When my college friend Jenny emailed to tell me she’d moved to Japan to teach English for a year, a tiny, buzzing light bulb flickered above my head. I had never been to the Far East, or Orient, as it was once known. I didn’t see how, with a free place to stay, I had any choice but to buy a ticket to Tokyo.
It was almost a mandate, sent from the spirit of some long-deceased samurai. You will go to Japan, grasshopper. Many frequent flier miles you will receive. My co-worker and friend, Richard, joked about the reception I’d receive at the airport. “They’ll play that Asian music,” Richard explained, singing the chimes from the beginning of ‘Turning Japanese,’ “Doo doo doo doo do-do do-do dummm, and when you walk through immigration, someone will strike a huge gong.” I imagined Jenny’s apartment as one of those flat, chair-less spaces with paper screens in the windows, surrounded by lush, layered gardens with trickling streams and banzai trees. Kimono-clad servant-beauties would bring us tea, for relaxation after our noon sparring sessions. Evenings would be spent in relaxation with the resident Geishas.
What Tokyo turned out to be was a huge, cold, intimidating and unforgiving metropolis. I know because within a few hours of landing, I was completely lost. It was the middle of the night, in February, and my jacket and passport were sitting in a locker at a nightclub. Jenny and I had gone with some of her other American friends shortly after dropping off my bags at her apartment. She and her friends grabbed a table on the mezzanine level, but I wanted to check out the dance floor and start drinking.
It was a surreal experience, hearing house beats and standing in the middle of a sea of Japanese kids. I never cared much for clubs in New York. When my friends from Wisconsin would visit, it was often the first thing they wanted to do. I think they just assumed I spent my nights clubbing, surrounded by supermodels, ordering bottle after bottle of Cristal, and doing bumps of coke in the bathroom until dawn. When I told them that I in fact hung out at the same kind of bars in New York as I had in Madison or Eau Claire – lounges, pubs, and dives – I felt like I was disappointing them. “McGee’s?” they’d respond, dejectedly. “Yeah, we could go there. Sounds fun.” Clubs just weren’t my scene. In a foreign country, however, visiting a club was field research, like staying with a tribe in the bush or drinking and escaping arrest with soccer hooligans. I wasn’t in a club surrounded by greasy, cologne-soaked meatheads from New Jersey and Long Island. No, I had gone through a wormhole to a post-modern vision of the future: Hundreds of Japanese youths, dancing, singing, and tripping. I was…drunk.
Finding Jenny and her friends proved to be difficult. I circled the mezzanine and the floor level several times before giving up and leaving. Now, you might wonder why I, a then-25-year-old Yankee traveler on his first night in Tokyo, would make this decision. I agree that it was not arrived at rationally. Normally I’d have stayed inside the nightclub, figuring Jenny was in the bathroom, or buying a drink, or smoking, but after a few stiff drinks compounded with the jet lag of a 14-hour flight, my decision-making was plummeting to levels usually occupied by cretins like George W. Bush, or Philadelphia Eagles coach Andy Reid. “She went home,” I deduced. Naturally.
Nevertheless, I had made it as far as the metro station, which was impressive because we had taken a cab from the metro station. Somehow, if I got on the subway and went the right direction, I’d make it back to Jenny’s neighborhood and could wait outside her non-paper-windowed apartment until she got back – if she wasn’t back already. “Brilliant,” thought I, in the way only an inebriated jackass could. The only problem was that it was well past midnight, and the metro was closed until about 4 or 5 a.m.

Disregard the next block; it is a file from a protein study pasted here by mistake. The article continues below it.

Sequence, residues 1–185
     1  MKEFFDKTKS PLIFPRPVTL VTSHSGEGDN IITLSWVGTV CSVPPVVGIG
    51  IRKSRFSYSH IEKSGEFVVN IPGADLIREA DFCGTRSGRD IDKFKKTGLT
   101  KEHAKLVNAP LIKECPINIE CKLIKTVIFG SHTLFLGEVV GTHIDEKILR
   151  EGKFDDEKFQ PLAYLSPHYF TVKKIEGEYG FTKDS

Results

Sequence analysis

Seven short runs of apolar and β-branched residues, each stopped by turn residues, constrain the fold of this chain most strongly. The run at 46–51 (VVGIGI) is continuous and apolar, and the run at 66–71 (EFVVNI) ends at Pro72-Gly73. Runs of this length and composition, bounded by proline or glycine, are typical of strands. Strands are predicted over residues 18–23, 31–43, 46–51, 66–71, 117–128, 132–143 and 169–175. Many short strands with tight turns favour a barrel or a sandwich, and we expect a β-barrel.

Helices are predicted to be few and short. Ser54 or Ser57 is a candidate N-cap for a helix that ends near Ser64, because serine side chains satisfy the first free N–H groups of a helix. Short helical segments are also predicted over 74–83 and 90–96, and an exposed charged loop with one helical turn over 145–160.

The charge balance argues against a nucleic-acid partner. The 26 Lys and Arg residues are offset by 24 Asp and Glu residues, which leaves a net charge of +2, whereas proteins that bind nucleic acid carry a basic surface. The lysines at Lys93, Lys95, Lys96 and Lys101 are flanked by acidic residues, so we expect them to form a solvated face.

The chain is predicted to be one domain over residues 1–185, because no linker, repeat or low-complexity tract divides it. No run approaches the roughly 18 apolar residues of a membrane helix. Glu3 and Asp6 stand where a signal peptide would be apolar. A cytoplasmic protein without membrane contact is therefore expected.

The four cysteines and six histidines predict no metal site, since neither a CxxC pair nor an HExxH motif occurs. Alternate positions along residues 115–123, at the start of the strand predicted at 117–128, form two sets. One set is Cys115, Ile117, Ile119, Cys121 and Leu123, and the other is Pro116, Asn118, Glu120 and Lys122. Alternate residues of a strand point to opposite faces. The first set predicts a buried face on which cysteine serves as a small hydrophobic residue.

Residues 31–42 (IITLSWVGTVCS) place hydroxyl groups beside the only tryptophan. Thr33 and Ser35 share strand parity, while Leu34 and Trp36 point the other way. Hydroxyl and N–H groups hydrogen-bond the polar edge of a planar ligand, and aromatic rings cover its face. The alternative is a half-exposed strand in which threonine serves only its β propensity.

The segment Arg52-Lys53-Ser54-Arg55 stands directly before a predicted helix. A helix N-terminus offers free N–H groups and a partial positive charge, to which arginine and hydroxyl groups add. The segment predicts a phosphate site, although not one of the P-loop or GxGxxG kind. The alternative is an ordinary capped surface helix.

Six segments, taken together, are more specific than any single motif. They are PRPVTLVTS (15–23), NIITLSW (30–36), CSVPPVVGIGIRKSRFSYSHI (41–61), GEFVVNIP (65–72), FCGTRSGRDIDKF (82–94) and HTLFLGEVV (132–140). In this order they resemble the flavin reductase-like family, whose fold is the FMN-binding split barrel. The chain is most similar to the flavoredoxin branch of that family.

Continuing my streak of intelligent decision-making, I decided to catch some sleep at the metal gate until the subway opened that morning. It was a little warmer down there, and I was definitely ready for a good eight or nine hours of shuteye. I sat down in a corner where the gate met the wall, leaned against it, and began to doze off. In my lifetime, I’d stepped over the cold, huddled, urine-soaked bodies of hundreds of homeless men and women, often without thinking twice. I knew they were only doing what they had to do, given their circumstances. I reasoned that this was the same thing, on a much less desperate level – a few hours of hardship borne out of necessity. Soon I’d be on the train and back in Jenny’s warm apartment.
I awoke to a nightstick rapping against the gate. “You can’t sleep here,” a policeman informed me, or so I guessed, as he was speaking Japanese. Fortunately, the subway itself was about to open, so I bought a ticket and hopped on a train.
Tokyo is one of the cleanest, quietest cities I have ever visited. Although its population is larger than New York’s, and on par with Mexico City’s, the people of Tokyo have managed to keep even the most well-trampled spaces looking pristine. You could probably lick frosting off the subway floors, and the streets look like they may as well run through a Hollywood set. Even the people seem clean and sparkly. In New York, it’s not uncommon for any one person in a hundred to smell of urine, feces, or vomit. New Yorkers are so accustomed to this that they accommodate the dirty party by emptying half a subway car during rush hour. Their reputation for rudeness gives way to a sort of pity and understanding, as if there but for the grace of God would they, too, reek as if they had just been swimming in sewage. Even someone who unknowingly walks into the subway car, thinking one empty car on an otherwise-packed train must have simply been his crazy good fortune, only to have the doors close behind him, well, even he will politely wait without cursing until he’s able to switch cars at the next stop.